Nevada 5 Day Tenancy-At-Will Notice
This official notice is used to give your tenant 5 days to either vacate or have an unlawful detainer initiated against them.
Document Last Modified: 10/5/2018
Giving notice is the first step in the eviction process. Nevada state law requires landlords to issue a notice even to tenants who occupy a rental unit without a written lease agreement. This may include tenants as well as persons termed subtenants (those who are not named in a lease agreement) who remain in a rental property after the lease has expired. This form may be used with tenants who are living in the rental unit with no lease agreement.
IMPORTANT: If a week-to-week or month-to-month oral lease agreement is in place, the rules for giving notice are different. A different form, and possibly longer notice, may be required.
The 5 Day Tenancy-At-Will Notice must be issued before any court action can be taken to evict a tenant or subtenant who has stayed in the rental unit for more than five days after a lease agreement has expired.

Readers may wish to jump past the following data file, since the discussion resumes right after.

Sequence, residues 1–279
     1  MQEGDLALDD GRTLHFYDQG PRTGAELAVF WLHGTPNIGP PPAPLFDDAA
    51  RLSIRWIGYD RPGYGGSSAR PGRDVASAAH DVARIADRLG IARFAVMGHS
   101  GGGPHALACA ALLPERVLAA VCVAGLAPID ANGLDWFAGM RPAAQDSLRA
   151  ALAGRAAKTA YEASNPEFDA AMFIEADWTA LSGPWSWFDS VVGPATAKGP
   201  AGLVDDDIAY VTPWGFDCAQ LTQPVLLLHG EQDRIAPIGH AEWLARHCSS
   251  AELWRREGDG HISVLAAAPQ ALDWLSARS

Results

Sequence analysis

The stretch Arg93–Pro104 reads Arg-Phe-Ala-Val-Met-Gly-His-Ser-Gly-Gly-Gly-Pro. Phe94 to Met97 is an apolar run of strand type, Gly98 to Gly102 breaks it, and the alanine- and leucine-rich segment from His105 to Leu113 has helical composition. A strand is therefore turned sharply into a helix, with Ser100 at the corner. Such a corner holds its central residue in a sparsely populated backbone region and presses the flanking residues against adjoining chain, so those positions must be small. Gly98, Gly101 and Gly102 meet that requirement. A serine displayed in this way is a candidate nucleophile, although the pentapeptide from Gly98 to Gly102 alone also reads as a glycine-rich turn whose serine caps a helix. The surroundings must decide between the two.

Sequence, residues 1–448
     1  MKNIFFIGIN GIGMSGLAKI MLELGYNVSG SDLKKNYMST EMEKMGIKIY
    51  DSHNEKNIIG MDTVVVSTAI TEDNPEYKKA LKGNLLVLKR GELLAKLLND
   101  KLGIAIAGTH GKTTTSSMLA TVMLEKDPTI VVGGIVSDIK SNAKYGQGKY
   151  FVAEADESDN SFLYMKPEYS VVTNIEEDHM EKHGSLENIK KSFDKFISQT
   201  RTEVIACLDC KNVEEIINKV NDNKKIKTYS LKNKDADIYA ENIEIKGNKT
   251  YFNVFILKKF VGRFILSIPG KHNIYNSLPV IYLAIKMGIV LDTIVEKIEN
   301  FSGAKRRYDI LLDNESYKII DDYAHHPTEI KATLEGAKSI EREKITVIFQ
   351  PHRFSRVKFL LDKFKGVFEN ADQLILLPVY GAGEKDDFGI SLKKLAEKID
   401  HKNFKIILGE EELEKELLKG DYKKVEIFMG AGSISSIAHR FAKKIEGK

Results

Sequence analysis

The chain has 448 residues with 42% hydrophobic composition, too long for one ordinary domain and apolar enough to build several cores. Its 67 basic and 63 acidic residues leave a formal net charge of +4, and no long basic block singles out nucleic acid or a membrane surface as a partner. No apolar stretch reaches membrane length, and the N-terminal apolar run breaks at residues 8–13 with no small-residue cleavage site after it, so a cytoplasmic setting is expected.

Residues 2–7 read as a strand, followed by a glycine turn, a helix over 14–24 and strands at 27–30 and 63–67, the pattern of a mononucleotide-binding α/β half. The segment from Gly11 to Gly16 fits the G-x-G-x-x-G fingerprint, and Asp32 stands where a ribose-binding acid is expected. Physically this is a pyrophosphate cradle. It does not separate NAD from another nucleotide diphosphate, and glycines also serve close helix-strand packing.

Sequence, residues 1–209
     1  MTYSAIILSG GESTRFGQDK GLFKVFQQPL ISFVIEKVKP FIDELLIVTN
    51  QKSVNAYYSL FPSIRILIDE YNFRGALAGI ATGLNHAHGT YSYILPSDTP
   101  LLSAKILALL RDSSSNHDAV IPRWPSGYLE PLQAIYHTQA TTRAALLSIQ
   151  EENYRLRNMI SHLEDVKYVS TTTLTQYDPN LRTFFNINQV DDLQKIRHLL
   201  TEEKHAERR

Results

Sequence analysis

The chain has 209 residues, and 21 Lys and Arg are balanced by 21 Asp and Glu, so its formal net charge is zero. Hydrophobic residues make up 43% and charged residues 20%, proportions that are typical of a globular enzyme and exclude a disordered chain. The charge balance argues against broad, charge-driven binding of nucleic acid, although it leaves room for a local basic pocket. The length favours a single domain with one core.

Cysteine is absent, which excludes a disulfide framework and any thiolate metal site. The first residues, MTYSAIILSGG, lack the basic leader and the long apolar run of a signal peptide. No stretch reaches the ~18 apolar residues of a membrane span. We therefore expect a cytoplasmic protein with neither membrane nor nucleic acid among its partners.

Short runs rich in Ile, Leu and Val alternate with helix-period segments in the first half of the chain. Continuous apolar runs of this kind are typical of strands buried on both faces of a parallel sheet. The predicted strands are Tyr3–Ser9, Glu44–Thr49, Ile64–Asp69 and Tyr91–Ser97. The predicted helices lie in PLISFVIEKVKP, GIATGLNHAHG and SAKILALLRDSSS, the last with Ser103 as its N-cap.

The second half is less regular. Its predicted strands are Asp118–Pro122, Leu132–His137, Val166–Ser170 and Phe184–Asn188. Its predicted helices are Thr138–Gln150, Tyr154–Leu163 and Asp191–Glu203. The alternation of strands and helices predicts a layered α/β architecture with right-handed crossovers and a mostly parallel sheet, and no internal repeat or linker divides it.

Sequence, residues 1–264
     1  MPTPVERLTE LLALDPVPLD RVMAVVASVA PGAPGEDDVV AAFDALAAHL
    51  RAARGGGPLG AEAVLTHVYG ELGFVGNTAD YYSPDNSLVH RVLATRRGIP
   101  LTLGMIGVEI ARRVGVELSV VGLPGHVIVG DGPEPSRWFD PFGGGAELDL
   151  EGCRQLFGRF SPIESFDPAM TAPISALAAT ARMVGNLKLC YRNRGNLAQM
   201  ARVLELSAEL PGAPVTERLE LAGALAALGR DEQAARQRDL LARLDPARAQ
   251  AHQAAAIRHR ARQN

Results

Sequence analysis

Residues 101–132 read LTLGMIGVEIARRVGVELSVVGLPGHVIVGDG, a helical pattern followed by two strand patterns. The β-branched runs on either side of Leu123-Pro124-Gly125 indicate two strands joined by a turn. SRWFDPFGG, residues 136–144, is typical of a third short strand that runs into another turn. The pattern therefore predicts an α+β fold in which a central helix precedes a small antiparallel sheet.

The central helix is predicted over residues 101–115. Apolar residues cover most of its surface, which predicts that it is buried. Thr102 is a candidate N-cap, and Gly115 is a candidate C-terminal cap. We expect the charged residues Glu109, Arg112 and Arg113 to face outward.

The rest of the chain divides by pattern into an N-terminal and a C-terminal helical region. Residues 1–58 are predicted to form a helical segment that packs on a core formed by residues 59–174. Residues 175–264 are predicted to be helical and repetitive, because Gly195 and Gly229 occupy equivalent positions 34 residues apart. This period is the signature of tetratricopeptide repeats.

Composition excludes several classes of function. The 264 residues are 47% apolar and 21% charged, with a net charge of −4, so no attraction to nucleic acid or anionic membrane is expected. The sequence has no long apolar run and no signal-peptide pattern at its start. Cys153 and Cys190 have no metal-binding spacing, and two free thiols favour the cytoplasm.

This Notice form must be downloaded and filled in by the landlord, and served on the tenant. The Notice tells the tenant that he or she is staying in the rental property illegally, and that the landlord is beginning the eviction process. If the tenant moves out upon receiving this notice, the landlord may take possession of the rental unit.
The Notice must be completely filled in with both the tenant’s and the landlord’s names and addresses. It must be noted on the form how the Notice will be served. Nevada law permits service by person with a witness present, and through the mail. The server, the witness and the tenant receiving the Notice must sign the form. Make a copy of this notice for your records.
The clock starts on the five days the day after a tenant has received the Notice. The 5 days may not include Saturdays, Sundays or holidays. If the tenant has not moved out at the expiration of 5 days, the landlord may file an action for possession of the property and for rent owed. The landlord may also seek recovery of actual damages.
For more information, visit the Nevada statute site.
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